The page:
The House Always Wins, or in this case, Both Houses Win! The Cozy Financial Ties Between Sky River Casino and the Elk Grove PD




By D.J. Blutarsky | Guest Contributor | UPDATED 11 am September 13 | 

It seems like it was just yesterday that the Elk Grove Citizen plastered on its front page the headline, "Retired EG Police Chief joins Sky River Casino Staff."  Ever since that May 27, 2022 article ran, I've been waiting for the other shoe to drop. Consent Item 7.7 of the upcoming September 14th City Council agenda confirms for me that the slots have hit 7-7-7, and it's jackpot time for the EGPD!

The item in question (if you consider a Consent item on a Council agenda to be a 'question' and not a done deal) is whether the City will allow its uniformed police officers and police supervisors to work at the casino and the City would be reimbursed by the casino at the average overtime rate, plus $7.00/hr for the vehicle usage. You may ask yourself, what's the big deal-the casino is picking up the tab?




Well, on the surface, this sounds like a fair deal. Instead of the stereotypical burly men in suits walking the casino floor, uniformed EGPD officers would keep things in order, and everyone is happy unless the card dealer is super hot and the slots are especially tight! But there is one catch to this deal as I see it.

It is common for police officers to seek outside work providing security services for things such as loss prevention for retail stores and event security. The EGPD union contract even anticipates this and merely requires that the Police Chief be aware of that off-duty work and approve of it. The officers performing this work are off-duty and are essentially employees of the firm that hired them and draw paychecks from that employer.

Agenda item 7.7 proposes that the casino contract with the City and EGPD for security services and reimburse the City for those actual costs, as opposed to hiring off-duty officers and issuing them a casino uniform. Here's the kicker: There are long-term cost implications to the City (meaning the taxpayers) and the way the officers' retirement is calculated.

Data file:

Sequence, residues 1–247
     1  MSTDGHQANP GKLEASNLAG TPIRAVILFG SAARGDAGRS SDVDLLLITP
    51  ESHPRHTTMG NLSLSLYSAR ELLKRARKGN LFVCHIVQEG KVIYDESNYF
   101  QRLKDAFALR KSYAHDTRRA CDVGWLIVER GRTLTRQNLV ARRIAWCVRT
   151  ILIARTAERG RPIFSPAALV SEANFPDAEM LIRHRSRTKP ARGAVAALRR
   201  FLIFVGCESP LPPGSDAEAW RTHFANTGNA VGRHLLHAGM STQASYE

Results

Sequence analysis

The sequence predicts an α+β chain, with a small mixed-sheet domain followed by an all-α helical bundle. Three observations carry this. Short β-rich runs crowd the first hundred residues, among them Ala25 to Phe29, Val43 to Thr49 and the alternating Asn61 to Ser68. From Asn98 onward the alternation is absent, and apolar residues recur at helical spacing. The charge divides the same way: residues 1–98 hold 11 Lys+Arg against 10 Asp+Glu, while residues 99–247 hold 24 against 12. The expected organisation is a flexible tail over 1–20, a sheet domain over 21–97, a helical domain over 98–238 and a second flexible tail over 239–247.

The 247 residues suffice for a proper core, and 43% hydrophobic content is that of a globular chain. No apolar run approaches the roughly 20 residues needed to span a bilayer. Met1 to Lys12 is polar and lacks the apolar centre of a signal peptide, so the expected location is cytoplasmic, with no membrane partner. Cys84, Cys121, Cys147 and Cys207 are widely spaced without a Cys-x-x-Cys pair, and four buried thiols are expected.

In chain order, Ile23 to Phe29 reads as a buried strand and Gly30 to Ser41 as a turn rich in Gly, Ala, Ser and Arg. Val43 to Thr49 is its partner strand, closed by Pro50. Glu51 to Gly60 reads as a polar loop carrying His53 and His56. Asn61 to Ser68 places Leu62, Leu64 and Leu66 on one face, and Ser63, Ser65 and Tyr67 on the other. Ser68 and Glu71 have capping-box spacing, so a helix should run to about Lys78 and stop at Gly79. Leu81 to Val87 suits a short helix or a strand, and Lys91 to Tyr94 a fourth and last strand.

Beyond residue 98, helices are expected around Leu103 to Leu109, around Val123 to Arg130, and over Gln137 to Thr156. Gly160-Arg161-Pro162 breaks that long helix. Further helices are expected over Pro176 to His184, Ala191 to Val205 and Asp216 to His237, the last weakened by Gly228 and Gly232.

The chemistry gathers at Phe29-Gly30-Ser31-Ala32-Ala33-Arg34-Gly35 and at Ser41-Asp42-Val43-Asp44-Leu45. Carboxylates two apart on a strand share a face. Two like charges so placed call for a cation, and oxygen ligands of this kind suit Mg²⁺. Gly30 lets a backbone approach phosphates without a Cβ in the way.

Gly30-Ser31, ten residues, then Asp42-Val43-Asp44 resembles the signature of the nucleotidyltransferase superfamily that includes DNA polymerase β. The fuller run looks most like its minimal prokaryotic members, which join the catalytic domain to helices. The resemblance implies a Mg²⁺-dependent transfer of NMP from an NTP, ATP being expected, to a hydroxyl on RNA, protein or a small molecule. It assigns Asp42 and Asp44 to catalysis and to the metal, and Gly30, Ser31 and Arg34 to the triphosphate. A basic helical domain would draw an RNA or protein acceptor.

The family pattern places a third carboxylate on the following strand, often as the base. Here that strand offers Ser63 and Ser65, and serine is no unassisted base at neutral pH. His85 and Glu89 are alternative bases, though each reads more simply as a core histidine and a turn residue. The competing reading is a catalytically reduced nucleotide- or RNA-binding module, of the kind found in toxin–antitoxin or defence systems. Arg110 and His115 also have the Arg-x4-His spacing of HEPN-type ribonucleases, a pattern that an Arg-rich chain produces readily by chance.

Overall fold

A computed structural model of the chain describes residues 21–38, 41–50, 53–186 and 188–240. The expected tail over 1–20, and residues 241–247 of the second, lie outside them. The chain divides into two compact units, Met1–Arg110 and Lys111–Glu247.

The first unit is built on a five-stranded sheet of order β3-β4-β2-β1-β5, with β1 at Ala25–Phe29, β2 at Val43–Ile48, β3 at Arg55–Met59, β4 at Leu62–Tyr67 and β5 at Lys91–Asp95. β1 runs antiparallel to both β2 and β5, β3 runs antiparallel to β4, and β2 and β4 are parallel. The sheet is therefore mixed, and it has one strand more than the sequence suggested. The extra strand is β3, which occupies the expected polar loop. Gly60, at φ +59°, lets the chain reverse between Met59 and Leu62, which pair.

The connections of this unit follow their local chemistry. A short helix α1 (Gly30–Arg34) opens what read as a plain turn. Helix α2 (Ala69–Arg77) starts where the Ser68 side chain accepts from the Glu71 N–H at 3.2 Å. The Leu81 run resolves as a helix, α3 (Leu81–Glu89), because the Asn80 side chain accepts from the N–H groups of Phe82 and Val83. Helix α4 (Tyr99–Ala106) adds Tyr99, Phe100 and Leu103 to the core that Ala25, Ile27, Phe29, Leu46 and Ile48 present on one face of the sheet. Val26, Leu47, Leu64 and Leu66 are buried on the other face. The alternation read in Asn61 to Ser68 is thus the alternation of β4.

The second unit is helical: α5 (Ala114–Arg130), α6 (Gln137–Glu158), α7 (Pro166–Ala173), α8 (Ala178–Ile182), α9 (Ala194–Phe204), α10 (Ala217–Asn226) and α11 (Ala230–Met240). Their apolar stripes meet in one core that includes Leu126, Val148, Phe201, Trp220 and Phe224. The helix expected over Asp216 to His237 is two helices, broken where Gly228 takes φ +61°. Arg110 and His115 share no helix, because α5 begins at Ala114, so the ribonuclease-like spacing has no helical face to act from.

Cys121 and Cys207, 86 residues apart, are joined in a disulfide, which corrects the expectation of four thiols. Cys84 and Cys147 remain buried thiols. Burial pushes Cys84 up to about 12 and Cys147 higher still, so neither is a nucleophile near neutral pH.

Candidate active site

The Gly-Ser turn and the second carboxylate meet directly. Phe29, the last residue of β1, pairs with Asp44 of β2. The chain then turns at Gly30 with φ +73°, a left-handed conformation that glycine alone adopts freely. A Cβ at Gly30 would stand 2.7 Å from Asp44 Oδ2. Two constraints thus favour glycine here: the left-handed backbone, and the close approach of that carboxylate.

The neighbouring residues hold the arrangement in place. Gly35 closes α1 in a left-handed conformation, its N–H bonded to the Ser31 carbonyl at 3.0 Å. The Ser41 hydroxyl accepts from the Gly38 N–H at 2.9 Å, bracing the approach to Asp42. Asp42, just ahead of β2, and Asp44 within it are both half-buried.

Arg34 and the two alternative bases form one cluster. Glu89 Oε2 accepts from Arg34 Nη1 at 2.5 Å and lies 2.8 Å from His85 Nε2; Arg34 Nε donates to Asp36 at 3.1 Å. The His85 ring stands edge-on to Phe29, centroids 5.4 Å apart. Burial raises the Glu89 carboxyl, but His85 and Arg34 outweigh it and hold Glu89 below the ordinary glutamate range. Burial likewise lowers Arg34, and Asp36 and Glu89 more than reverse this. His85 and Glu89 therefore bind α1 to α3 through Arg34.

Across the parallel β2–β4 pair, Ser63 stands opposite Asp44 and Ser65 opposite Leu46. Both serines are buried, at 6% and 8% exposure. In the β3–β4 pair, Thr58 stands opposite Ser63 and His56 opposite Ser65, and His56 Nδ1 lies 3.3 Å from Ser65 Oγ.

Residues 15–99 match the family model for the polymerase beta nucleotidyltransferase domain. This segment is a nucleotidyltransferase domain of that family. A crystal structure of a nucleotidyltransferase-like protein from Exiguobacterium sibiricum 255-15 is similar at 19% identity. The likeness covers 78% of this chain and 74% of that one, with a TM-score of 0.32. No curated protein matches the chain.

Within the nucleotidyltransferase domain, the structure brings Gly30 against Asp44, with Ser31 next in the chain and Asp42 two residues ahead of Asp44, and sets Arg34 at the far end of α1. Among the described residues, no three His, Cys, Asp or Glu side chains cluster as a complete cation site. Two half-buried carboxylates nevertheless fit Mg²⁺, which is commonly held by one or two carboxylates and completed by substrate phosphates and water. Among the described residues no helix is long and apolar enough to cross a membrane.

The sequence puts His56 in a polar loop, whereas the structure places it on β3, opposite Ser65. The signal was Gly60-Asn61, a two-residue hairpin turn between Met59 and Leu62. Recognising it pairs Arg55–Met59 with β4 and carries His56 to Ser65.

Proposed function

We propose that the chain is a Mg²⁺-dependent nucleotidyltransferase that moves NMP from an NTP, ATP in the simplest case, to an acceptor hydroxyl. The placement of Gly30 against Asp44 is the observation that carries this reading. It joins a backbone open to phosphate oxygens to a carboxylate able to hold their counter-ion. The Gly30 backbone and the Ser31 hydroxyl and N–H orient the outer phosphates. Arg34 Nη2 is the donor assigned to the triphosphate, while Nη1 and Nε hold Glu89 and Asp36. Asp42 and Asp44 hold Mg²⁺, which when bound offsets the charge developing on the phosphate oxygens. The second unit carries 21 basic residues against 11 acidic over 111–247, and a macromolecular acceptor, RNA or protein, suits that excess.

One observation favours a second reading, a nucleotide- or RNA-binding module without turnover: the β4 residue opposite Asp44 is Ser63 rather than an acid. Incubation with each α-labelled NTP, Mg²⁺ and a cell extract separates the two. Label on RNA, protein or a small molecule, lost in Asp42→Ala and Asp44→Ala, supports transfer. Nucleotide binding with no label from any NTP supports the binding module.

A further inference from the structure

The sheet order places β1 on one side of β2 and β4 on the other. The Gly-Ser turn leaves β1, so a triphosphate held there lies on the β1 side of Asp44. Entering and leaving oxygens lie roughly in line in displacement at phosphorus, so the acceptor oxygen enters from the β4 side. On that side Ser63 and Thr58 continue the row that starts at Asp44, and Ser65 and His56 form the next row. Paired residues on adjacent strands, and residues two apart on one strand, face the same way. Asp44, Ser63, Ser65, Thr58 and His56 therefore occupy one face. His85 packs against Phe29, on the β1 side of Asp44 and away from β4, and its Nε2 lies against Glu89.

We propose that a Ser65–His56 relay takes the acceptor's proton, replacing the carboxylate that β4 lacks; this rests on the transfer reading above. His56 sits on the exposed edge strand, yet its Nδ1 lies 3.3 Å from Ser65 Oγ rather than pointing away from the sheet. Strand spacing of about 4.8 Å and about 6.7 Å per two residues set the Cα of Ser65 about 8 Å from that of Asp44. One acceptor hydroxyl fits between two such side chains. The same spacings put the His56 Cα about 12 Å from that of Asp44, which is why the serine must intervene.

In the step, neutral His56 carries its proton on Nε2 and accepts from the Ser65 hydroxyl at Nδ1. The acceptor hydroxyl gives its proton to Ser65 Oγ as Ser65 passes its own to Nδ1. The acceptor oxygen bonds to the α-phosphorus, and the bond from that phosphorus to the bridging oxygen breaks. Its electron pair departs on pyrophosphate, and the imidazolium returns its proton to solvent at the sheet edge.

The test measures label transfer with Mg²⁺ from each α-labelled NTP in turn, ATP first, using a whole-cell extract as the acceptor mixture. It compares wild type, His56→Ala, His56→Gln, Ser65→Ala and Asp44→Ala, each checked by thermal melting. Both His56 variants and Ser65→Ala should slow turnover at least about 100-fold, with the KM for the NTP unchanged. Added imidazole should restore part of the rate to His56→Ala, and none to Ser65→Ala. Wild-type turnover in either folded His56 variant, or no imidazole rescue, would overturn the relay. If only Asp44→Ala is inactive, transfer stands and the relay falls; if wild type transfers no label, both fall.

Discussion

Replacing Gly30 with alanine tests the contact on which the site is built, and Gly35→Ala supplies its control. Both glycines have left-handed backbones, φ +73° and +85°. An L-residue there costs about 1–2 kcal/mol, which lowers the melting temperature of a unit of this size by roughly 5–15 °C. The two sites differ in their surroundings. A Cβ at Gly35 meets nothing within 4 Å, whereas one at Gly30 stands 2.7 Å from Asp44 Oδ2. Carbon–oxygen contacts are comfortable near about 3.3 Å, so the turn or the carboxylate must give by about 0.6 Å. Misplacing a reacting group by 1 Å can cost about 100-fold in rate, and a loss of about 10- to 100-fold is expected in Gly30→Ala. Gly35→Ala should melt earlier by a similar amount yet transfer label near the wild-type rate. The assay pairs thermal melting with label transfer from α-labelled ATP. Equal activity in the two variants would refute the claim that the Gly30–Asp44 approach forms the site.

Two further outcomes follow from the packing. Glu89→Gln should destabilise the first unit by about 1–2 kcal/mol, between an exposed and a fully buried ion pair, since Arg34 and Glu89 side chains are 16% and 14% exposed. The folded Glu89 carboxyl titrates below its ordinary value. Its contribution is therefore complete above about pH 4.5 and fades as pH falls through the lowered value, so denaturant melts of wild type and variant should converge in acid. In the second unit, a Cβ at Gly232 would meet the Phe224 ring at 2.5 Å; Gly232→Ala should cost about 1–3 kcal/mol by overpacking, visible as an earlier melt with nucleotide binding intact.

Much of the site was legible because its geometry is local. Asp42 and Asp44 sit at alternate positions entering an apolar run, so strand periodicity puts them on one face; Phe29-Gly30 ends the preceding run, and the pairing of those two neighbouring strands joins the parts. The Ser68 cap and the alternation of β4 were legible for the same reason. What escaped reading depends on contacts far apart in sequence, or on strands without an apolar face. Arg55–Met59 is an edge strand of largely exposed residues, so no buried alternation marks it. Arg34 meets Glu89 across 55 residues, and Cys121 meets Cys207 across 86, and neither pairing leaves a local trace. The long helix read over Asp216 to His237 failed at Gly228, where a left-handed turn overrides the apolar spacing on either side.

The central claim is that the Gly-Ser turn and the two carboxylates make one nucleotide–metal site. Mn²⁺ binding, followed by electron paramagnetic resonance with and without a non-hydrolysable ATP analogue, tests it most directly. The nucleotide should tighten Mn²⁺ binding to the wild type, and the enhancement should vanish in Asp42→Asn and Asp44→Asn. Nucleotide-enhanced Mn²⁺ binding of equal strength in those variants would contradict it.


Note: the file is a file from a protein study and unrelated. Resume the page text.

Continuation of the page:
By compensating the officers with a City paycheck instead of a casino check, the City is essentially having to report a higher employee monthly pay to the California Public Employee Retirement System (CalPERS), which increases the City's cost-sharing obligations under its contract with PERS.

According to PERS records, the City is required to pay an added 23-percent of reported pay to PERS each month. While the officers' share of their monthly contribution will also rise, the long-term bump in their pension benefit will help outweigh the short-term cost they incur. The City's added cost is money out the door and actually helps to fund current and future member retirement costs.

I have no issue with Sky River wanting to hire off-duty EGPD officers. I say put them on the casino payroll or at least have the City factor in the ongoing PERS monthly contribution cost it will face as a result of this cozy relationship. 

UPDATE 11 am September 13

The City of Elk Grove's public information officer said according to the city's finance director, even though the wages paid to off-duty officers are on the city payroll, the additional income is not computed as it relates to the city's CALPERS contributions. 

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